Every time I realize that fall’s around the corner, my thoughts immediately turn to, “Oh, crap.”

I know, I know, it’s the worst attitude ever, isn’t it?

It’s not so much the fact that winter’s coming (though that certainly lends itself to a sense of dread)—it’s more about the impending work of getting ready for winter.

However, I really do need to keep in mind that whatever I do for my beds in the fall, I’m prepping by making my life easier for the spring.

So it’s a really, really good thing winter’s coming, right?

Right. (Ha, ha!)

Prepping my raised gardens for winter

Last year, I made the mistake (and my gardening guru friend, Jody, confirmed this heinous but unintentional error of mine) of yanking all of my old, dead plants right out of my raised beds and throwing them into a giant heap into my compost pile.

Major no-no. I should have left the roots in! Why?

Let’s back up. We’ll get to that in a second.

To make your life easier, here’s a brief tutorial for caring for your beds at the end of the season (I promise, it really is easy!):

  1. Remove the tops of all of your plants left over from the growing season. Shred them by hand and toss them into your compost pile
  2. LEAVE THE ROOTS IN THE GROUND. The roots decompose and aerate your soil, two very, very good things—trust me. (Or, trust Jody. She says organic matter is a great thing to have in your life.)
  3. You’re done!

Just kidding.

There are actually two more things that are a teensy more complex that need to happen to be sure you’re ready for winter.

Add more Mel’s Mix

 If you didn’t catch a previous post about Mel’s Mix, I’ll bring you up to speed.

Mel Bartholomew, the author of All New Square Foot Gardening, has a very special secret formula (he calls it Mel’s Mix) for raised gardens. And your job at the end of the season is to bring your soil levels back up because soil, like anything else that ages, it settles. Here’s what you need to do to top off your soil, and the amounts you’ll need. (Note: the amounts can depend on how much actual soil you’ll need, which is different for everyone. This will likely top off two 4’x4’ beds at 12 inches deep.):

  • 1/3 vermiculite – 3.5 cubic foot bag (about $18 at Lowe’s, Home Depot or most garden centers)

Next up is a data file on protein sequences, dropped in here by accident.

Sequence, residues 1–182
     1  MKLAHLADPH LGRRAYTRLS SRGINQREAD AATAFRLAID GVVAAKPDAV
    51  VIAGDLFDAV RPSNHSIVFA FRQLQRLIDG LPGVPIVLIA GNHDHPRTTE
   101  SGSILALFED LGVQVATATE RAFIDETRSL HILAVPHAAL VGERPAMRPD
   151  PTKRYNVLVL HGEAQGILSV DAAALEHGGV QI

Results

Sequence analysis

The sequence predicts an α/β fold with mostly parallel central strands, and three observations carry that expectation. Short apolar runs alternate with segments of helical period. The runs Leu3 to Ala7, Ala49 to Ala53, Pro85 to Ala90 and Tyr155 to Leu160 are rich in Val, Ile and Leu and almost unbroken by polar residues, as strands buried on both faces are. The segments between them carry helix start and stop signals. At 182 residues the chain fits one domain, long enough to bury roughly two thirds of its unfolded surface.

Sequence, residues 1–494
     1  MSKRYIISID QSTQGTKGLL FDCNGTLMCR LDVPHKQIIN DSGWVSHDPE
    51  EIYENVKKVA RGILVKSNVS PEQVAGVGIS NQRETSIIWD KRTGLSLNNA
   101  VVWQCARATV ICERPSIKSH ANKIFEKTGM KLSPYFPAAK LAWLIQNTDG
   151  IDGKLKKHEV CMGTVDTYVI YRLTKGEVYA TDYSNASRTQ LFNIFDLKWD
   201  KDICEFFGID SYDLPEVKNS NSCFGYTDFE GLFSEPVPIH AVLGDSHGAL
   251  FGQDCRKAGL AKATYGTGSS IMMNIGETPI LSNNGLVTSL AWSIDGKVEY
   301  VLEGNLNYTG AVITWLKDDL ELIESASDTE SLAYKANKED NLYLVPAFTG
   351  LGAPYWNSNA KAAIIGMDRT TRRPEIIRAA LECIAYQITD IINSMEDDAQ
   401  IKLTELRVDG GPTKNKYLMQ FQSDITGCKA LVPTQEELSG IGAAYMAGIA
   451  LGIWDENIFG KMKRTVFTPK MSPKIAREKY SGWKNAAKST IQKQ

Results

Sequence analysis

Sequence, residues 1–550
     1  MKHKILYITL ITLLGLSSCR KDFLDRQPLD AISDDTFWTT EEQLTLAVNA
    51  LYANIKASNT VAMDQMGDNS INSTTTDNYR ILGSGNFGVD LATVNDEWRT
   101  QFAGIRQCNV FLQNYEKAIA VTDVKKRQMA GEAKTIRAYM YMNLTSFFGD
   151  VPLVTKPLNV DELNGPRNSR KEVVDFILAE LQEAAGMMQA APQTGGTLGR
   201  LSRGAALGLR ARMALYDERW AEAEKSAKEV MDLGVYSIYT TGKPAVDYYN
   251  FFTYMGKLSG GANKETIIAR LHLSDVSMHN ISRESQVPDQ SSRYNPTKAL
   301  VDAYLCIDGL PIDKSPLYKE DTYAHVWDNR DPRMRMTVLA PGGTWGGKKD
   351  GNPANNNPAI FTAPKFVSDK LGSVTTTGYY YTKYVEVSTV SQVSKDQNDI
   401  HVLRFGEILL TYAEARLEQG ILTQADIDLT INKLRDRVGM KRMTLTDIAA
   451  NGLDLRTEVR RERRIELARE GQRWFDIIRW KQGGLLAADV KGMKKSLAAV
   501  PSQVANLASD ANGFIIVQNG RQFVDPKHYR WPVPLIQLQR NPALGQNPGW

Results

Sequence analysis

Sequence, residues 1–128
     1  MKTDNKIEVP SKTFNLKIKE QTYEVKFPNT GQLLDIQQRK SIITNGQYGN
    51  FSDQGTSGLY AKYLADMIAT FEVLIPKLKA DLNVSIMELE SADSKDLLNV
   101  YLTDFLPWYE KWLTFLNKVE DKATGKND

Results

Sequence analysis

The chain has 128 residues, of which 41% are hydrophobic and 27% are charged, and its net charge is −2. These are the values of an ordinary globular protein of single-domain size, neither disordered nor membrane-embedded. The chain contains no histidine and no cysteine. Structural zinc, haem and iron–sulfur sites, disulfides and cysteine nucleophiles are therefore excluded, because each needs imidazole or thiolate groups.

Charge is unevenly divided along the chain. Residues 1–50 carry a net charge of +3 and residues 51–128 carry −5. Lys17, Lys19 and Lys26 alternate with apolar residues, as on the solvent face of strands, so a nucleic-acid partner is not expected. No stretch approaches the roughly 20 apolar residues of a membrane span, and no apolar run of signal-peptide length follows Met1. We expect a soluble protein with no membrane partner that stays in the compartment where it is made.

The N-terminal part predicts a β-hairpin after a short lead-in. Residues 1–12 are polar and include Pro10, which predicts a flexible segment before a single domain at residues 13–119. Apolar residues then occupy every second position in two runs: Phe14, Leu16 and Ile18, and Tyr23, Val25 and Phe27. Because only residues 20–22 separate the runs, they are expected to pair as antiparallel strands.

• 1/3 peat moss – 3.5 cubic foot bag (about $8 at the above-mentioned stores)
  • 1/3 blended compost (which basically means: use different types. Some common composts are poultry manure, green waste or worm castings. Buy a variety for about $2 a cubic foot from a garden center, or if you have your own compost, add it to the pile!)

Two choices

Done topping off your very happy soil? Good for you. The best part about the next step is that you have two choices on what you’d like to do next. You can:

  1. Mulch, or
  2. Plant a cover crop.

The point of doing either one of these is to prevent losing soil nutrients and moisture to the air. Here are the benefits to each:


If you do mulch, you’re feeding the earthworms! Fallen leaves are a great mulch and protector for the coming winter months. They add nutrients to the soil and hold lots of water—and the best part? You likely have tons of them lying around from your yard’s gorgeous maples. (Handy tip: You can also put down a few layers of newspapers and then cover those with leaves—personally, this is my fav method.)

Cover crop

If you choose to do a cover crop, these also do wonders for your soil (they prevent moisture loss, suppress weeds, aerate with roots, etc.) Some options are clover, winter wheat, winter rye or Austrian winter peas.

No matter which option you choose, your raised beds will then be safely tucked in for winter and you’ll be much, much happier with yourself and your careful pre-prep once spring arrives.

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